“At the end of the day, industry is going to win, and it is going to lower the cost of operation if they do it effectively,” Miller said. “The schools will then migrate to a new revenue model by working with industry.”

Summer 2014 – federal legislation
  “President Barack Obama signed the Workforce Innovation and Opportunity Act (WIOA) into law on July 22, 2014. WIOA is designed to help job seekers access employment, education, training, and support services to succeed in the labor market and to match employers with the skilled workers they need to compete in the global economy. Congress passed the Act by a wide bipartisan majority; it is the first legislative reform in 15 years of the public workforce system.
  Requires States to Strategically Align Workforce Development Programs: WIOA ensures that employment and training services provided by the core programs are coordinated and complementary so that job seekers acquire skills and credentials that meet employers' needs.
·         Every state will develop and submit a four-year strategy - in the form of a single unified strategic plan for core programs - for preparing an educated and skilled workforce and meeting the workforce needs of employers.
·         State and local boards will promote the use of industry and sector partnerships to address the workforce needs of multiple employers within an industry.”
“Workforce Innovation & Opportunity-Overview”[v]


November – Business must take the lead

Later that year The Denver Post’s Howard Pankratz again spoke with Harvard’s Fuller, perhaps more alarmist by then—and more direct about who should seize the initiative:

Middle-Skills Gap[vi] - Subtitled - “Report: Business must take lead
in filling thousands of middle skill jobs.” (The Denver Post, Nov. 14, 2014)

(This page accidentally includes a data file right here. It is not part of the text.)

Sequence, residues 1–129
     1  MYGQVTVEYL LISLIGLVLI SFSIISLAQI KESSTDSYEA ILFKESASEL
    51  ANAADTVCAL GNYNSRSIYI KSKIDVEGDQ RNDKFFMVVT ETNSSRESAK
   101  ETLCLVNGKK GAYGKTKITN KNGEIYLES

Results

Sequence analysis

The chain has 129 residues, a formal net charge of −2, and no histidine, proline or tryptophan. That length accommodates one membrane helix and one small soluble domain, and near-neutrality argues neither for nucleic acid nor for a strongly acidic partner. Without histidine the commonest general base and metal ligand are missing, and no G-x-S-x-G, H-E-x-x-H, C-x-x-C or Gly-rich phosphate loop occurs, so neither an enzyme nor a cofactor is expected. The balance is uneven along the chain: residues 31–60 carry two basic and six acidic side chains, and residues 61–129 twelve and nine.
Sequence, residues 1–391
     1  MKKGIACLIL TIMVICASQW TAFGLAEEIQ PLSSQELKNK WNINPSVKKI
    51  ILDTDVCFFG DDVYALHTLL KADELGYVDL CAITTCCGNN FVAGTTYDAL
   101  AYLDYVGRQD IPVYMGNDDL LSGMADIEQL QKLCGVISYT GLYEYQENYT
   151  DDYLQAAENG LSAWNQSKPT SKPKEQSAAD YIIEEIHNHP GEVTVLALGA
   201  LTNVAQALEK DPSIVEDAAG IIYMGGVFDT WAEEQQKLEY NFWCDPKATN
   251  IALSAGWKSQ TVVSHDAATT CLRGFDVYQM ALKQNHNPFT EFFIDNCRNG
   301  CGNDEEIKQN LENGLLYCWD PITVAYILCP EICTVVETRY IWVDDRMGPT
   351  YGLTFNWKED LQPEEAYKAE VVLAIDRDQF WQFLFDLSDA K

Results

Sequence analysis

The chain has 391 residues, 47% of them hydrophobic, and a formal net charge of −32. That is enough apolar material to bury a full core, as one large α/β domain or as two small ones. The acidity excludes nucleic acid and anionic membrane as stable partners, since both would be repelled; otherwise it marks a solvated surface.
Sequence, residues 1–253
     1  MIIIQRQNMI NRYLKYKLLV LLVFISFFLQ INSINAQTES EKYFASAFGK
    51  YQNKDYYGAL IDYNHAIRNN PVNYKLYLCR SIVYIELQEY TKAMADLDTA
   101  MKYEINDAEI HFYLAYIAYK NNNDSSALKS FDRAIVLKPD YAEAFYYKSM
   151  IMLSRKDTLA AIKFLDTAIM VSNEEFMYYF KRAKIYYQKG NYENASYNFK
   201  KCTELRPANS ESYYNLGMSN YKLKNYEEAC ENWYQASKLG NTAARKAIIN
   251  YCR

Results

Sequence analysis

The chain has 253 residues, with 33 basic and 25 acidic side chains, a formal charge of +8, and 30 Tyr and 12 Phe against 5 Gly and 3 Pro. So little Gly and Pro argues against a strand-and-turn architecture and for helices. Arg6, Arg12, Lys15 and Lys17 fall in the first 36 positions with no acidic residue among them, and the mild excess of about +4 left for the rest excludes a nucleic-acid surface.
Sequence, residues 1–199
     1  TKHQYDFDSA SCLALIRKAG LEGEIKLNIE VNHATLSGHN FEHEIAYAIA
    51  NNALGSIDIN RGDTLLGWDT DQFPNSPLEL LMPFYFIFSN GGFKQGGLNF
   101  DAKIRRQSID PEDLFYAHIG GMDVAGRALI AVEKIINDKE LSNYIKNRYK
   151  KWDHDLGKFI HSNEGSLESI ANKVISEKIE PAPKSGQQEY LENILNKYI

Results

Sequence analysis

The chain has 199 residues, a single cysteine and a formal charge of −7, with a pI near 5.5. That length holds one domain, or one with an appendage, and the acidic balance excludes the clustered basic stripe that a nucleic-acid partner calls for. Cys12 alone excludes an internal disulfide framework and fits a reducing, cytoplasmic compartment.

“Basically we’ve got a wasting disease in this country,” Fuller said, explaining in an interview that the disorder manifests itself in stagnant wages for middle-skill workers and workforce participation levels that haven’t been so low since the late 1970s. “If we don’t start fighting this battle, what we are going to get is further polarization of the income spectrum, we are going to get more people out of the workforce,” Fuller said. …
“It’s not that it is hopelessly broken and we can’t hire anybody,” he added. “It can be fixed. But it is not going to happen unless business accepts it has to be the catalyst. It has to lead.”

At that, educators might have raised an eyebrow.  Was it our role, then, to follow? Fuller tried to offer this reassurance: “That doesn’t mean (businesses) should have dictatorial power, or that they should be telling educators what to do, or that governors or mayors should kowtow to business leaders.”  The Post’s summary of the report continued.

But (businesses) can bring the same rigor and discipline to sourcing middle-skills talent they historically applied to their materials supply chain. This means cultivating talent by telling educators what they need—and asking for quality control on the classes that are taught and giving the educators a lot of feedback.
Educators, on the other hand, have to accept the notion that business is a legitimate customer and must be attentive to the evolving needs of the market.

AV #171 and #172 show that in 2018 we as educators are lying to ourselves if we accept that blather about business merely being a “legitimate customer.” Next week, #173: how business is “telling educators what they need” and taking a lead role in determining what schools should “produce.”

Of course 2014 was not the turning point.  It has happened over several years.  It began with hope for stronger engagement from the business community.  But today, in these “relationships” with school districts and community colleges, and some universities as well, the balance has tipped.

As a result, educators sense their mission shifting.  Which is why we must speak up.